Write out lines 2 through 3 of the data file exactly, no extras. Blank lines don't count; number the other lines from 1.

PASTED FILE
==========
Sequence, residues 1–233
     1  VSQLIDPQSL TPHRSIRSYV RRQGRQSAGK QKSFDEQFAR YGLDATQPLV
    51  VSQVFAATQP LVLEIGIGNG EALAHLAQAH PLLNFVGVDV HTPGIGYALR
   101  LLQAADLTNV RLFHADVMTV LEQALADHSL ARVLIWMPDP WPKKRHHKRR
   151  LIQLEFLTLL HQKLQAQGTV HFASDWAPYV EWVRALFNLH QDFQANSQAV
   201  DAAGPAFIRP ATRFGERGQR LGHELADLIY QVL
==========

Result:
     1  VSQLIDPQSL TPHRSIRSYV RRQGRQSAGK QKSFDEQFAR YGLDATQPLV
    51  VSQVFAATQP LVLEIGIGNG EALAHLAQAH PLLNFVGVDV HTPGIGYALR